Fortunate for us, Elvis was a true artist that knew what he wanted to create and didn't let an entire world convince him he couldn't create it just because they'd never seen it before. As an artist/creator I can relate to this story because my own music doesn't fit nicely into what people are used to, if you're interested in listening to it go to www.xraypoetz.com. I take a lot of inspiration from "Heartbreak Hotel" because if we as artists don't stand up for our art, we'll be the ones walking a lonely street.
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I recently watched one of many Beatles documentaries in my life and something stuck with me. In the film it was said that upon arrival in an Australian city, 300,000 people (half the city) came out to greet the Beatles. 300,000 people! That's a huge crowd. I thought back to scenes of fans waiting at the airport for the Beatles to walk out of the plane. I thought about Shea Stadium and how the screaming was so loud that you couldn't hear the music. And then I thought, why doesn't this happen anymore? Is it because, in a very high brow answer, "there will never be another Beatles?" No, that's not it.
In an age of Facebook, Twitter, YouTube, StubHub, etc. shouldn't we have larger crowds forming for our artists because of the faster communication available to us, unavailable to Beatles fans? We have better, faster transportation too! What is stopping another Beatles-like invasion from occurring?
I acknowledge that in the era of the Beatles, there was Elvis, The Rolling Stones and Bob Dylan: very big legends. But do we have legends today? It seems to me that our biggest stars are artists like Britney Spears, Lady Gaga and Beyonce. There's nothing wrong with them as artists but they definitely are not The Beatles. What about U2 or Coldplay? Or Jay-Z and Eminem? They fit the mold a bit better but why aren't huge crowds awaiting them at every airport? Why aren't crowds screaming so loud these artists think about not performing live anymore? Is it the artists that are not good enough to garner the reactions the Beatles did or is it the people in societies across the world that have fallen into an apathy or boredom over music? Somehow I don't think it's either of these.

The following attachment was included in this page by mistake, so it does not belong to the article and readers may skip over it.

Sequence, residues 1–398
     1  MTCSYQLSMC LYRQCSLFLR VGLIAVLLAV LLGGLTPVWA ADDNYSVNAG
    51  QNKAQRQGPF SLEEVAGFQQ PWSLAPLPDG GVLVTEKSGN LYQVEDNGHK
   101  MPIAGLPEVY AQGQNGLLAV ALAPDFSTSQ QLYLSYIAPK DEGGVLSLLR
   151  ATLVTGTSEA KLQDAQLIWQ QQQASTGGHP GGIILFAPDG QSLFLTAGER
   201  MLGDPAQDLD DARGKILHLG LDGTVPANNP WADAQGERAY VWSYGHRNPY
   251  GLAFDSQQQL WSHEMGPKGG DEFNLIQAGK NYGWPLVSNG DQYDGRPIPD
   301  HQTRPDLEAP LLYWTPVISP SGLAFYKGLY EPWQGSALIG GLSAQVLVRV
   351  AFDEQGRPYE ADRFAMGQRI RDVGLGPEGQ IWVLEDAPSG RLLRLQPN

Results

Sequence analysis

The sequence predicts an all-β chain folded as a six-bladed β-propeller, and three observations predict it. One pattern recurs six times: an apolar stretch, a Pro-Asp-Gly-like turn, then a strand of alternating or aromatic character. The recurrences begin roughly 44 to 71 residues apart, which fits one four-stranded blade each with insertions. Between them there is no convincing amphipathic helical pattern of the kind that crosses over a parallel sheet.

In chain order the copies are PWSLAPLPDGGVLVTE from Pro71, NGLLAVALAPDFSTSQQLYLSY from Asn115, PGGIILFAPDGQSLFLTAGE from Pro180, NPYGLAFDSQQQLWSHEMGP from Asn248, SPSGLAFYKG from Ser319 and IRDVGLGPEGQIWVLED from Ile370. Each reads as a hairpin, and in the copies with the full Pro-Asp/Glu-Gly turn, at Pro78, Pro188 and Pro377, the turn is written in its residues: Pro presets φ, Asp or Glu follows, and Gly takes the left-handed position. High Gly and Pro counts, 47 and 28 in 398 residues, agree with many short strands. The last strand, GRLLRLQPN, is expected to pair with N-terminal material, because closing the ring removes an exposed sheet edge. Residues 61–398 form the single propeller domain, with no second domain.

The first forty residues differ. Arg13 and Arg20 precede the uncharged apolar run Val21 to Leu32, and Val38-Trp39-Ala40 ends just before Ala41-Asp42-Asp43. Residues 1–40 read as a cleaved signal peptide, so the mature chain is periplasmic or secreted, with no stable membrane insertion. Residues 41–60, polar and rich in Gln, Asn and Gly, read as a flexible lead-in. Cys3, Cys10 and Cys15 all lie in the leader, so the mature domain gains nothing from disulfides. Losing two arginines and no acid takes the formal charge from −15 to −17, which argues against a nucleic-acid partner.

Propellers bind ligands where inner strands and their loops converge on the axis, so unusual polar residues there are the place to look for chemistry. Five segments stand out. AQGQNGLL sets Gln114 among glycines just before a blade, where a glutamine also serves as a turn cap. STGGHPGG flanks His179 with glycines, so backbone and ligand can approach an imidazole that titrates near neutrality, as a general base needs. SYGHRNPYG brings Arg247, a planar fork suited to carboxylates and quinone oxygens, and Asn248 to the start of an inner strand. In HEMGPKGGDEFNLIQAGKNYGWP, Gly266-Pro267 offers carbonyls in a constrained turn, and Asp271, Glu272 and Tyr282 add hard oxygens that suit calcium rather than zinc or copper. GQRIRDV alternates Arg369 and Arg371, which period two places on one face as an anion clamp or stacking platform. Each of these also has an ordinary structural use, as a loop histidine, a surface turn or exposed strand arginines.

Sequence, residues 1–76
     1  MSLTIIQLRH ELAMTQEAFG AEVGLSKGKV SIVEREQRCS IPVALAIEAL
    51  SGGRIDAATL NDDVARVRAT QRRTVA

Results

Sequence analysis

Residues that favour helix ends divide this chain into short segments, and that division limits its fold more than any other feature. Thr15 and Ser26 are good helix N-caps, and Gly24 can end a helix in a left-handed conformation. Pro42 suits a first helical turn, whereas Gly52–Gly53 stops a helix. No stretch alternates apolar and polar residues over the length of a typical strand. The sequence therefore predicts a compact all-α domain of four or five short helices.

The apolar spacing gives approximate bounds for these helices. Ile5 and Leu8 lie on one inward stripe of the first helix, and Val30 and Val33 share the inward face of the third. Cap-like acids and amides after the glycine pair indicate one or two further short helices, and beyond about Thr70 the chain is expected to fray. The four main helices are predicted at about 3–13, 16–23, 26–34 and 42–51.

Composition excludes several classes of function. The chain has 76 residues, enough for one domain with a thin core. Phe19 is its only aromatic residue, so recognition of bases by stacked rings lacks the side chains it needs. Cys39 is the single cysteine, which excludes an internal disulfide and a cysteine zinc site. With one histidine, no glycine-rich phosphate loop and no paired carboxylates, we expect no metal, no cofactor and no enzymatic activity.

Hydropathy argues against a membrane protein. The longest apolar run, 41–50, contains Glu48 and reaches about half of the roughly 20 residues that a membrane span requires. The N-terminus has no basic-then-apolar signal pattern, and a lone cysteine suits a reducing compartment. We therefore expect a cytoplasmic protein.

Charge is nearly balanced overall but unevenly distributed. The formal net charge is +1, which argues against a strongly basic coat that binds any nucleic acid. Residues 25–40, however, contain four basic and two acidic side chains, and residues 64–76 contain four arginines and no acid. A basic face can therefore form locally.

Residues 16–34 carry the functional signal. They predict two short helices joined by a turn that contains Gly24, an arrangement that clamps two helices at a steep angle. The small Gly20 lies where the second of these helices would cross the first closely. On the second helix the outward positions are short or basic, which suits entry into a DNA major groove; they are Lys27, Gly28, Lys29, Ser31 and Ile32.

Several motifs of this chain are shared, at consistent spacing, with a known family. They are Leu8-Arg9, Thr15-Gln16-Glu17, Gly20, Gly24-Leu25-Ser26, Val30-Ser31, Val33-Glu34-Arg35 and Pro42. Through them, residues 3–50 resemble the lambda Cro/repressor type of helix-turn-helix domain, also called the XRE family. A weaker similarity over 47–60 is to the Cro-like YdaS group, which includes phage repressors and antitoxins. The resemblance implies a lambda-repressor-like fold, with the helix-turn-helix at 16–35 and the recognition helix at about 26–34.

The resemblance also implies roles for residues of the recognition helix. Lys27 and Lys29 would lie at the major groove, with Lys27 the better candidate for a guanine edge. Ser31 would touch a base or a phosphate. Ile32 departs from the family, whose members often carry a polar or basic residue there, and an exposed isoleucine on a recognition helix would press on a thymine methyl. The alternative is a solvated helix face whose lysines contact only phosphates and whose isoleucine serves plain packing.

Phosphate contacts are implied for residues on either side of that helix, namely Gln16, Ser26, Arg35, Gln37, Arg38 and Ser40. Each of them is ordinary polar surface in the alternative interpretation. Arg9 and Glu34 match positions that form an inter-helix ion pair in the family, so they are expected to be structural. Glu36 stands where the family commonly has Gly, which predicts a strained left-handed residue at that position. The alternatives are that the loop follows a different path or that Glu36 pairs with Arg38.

I don't have all the answers but if I had to choose one, I would say this: I believe there is a genuine effort on the part of some suppressive element on this planet to create an atmosphere where artists are kept in line and the public is kept at home. In my hometown there were hardly any live music venues so artists hardly ever performed there. We were forced to admire artists from afar while watching them on TV. There's nothing wrong with TV or the internet but I think there should be more encouragement to go outside and do something, to interact with other people just a bit more. If that happened I think our artists would become inspired enough to want to do more shows.
We should be waiting for our favorite artists at the airport. We should let them know what they mean to us in bigger ways because at the end of the day we don't go home and look forward to watching the evening news, we look forward to listening to our favorite band, watching a movie, reading a book, catching an episode of our favorite show. Let's make sure we catch more shows in person, because i think that'd create another Beatles Invasion, except we could turn it into an Artists Invasion, and that would truly change the world.
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I'm David Carus. From overcoming one of the most dangerous cities in the country and graduating from one of the most prestigious colleges in America to leading an educational movement as a teacher and running for Congress at the age of 25, I decided the best hope our world has is through art.